Reviewby Theron Martin,
The wheels of Suitengu's grand plot spin towards their cataclysmic conclusion as the Rappongi Club reopens for business. Kagura and the doctor sit imprisoned in a house that ultimately turns out to be the residence of a key government figure, while Saiga struggles to overcome injuries suffered in his most recent battle with another Euphoric and Ginza finds herself at the mercy of the police chief – who turns out to be yet another twisted member of the club. As the government tries to sink Suitengu and the Tennozu Group, Suitengu unleashes the full measure of his revenge, and seems determined to take Kagura down with him. It falls to Saiga and Ginza to avert disaster and save Kagura at any cost, a task even more worth doing once it's discovered that she may not necessarily be doomed to her fate.
It's a shame that Gonzo couldn't execute this story better than it did, because its final volume suggests that it actually had a worthy plot to go along with its catchy concept (i.e. a photographer who can blow things up by taking pictures of them). It even has a villain that can, at times, almost be considered sympathetic – and who would have expected that of Suitengu earlier in the series? Volume 5 laid the framework and justification for his actions, and here his ruthless accumulation of power and wealth is revealed to merely be a means to an end rather than the end itself. Quite surprisingly, the volume's most touching moments belong to him.
Story execution has always been the series' main fault, however, and despite some good material the last four episodes do not much improve on that. Stiff and awkward storytelling, weak original dialogue, and ham-handed moralizing remain consistent problems, and many of the dramatic and action confrontations lack the punch that they should have. Even to the last the series never figures out how to properly use its graphic content, either. Too often scenes that are supposed to be edgy stray over the line into the realm of ridiculous or just plain disgusting, with the latter being especially true in episode 21. No review of the final volume or the series as a whole would be complete without the words “sick bastards” somewhere in it, and this isn't even a hentai title.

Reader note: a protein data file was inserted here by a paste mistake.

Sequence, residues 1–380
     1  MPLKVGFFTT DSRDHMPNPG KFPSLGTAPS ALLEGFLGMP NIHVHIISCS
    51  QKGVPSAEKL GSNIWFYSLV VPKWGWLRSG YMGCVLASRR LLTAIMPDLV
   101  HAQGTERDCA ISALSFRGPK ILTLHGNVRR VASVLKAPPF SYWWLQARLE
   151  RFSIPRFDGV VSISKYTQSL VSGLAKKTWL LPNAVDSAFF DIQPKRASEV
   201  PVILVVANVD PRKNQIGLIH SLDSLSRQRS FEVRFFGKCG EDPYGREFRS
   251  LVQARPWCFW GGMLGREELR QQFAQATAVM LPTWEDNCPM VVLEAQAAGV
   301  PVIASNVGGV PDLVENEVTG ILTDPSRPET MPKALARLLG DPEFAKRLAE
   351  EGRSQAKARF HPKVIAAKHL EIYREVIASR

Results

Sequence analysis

Despite its issues, the final few episodes do offer some bright spots. Ginza proves that she can be an interesting character even when not going around shouting “self defense!” every time she shoots someone, and Suitengu's chief henchmen Niihari, Makabe, and Tsujido prove that the scenes which made them likeable earlier in the series were no flukes; whatever flaws they may have, they show a deep and profound loyalty to the man who not only employs but inspires them, ironically demonstrating that they are, in their own way, as much above the common man as Saiga is when it comes to principles. And while the conclusion and What Happens After parts (which you must watch completely through the final credits to catch) are mostly predictable, they should nonetheless satisfy any fan of the series. Given all that has happened, there is only one proper way this series should end, and writers do, at least, get that part right.
Not much can be said about the artistry and animation that hasn't been said before: it remains the most disappointing-looking title Gonzo has made to date, with animation so lackluster that it undermines the effectiveness of the action scenes. Although it does try, the series never captures the visual edge that is a hallmark of all the better action series. The deficiency shows most clearly in Suitengu's Euphoric form: when his blood wings unfold he should exude a certain degree of menace, but instead he looks bored and laughable. Graphic content lacks actual nudity but does include lots of strongly implied sexual activity, a fair amount of bloodletting, and some highly disturbing scenes.
The soundtrack is a bit more effective in these final few episodes than it has generally been, especially in its use of the music box theme, and it does mix in a few new themes. The same lame replacement opener remains, as does the original closer. Both are absent for the final episode.
As with the rest of the series, the English dub is a saving grace. It much more liberally peppers the dialogue with swearing than the subtitles while compensating for blasé phrasing used in the original script, rarely altering things too much and never going too far. The directing gets a little too happy with the parody speech patterns applied to foreign leaders in a few scenes, but otherwise the English performances continue to remind that, whatever problems this series may have, the English dub is not one of them.
The final volume comes with a full allotment of Extras, all typical of what has been seen on previous volumes. Character Profiles this time around include Prime Minister Kamiya and Suitengu's henchmen, while other extras include more Character Cast Auditions, an Art Gallery of screen shots set to music, and part three of the documentary focusing on Kei Saito, the seiyuu for Kagura. New is a substantial collection of outtakes spanning all six volumes, most of them simple flubs but a few containing amusing alternate dialogues. Textless songs are also present, but annoyingly absent is the closer for the final episode, whose animation is heavily obscured by the rolling credits. Also look for bonus interior artwork.
The final volume may not escape the problems plaguing the previous ones, but does at least bring the series to a pleasing (if predictable) conclusion while revealing Suitengu's full scheme. Not great, but it does have spots of better content.
Overall (dub) : B-
Overall (sub) : C
Story : B-
Animation : C
Art : C
Music : B-
+ Likeable supporting characters, good conclusion.
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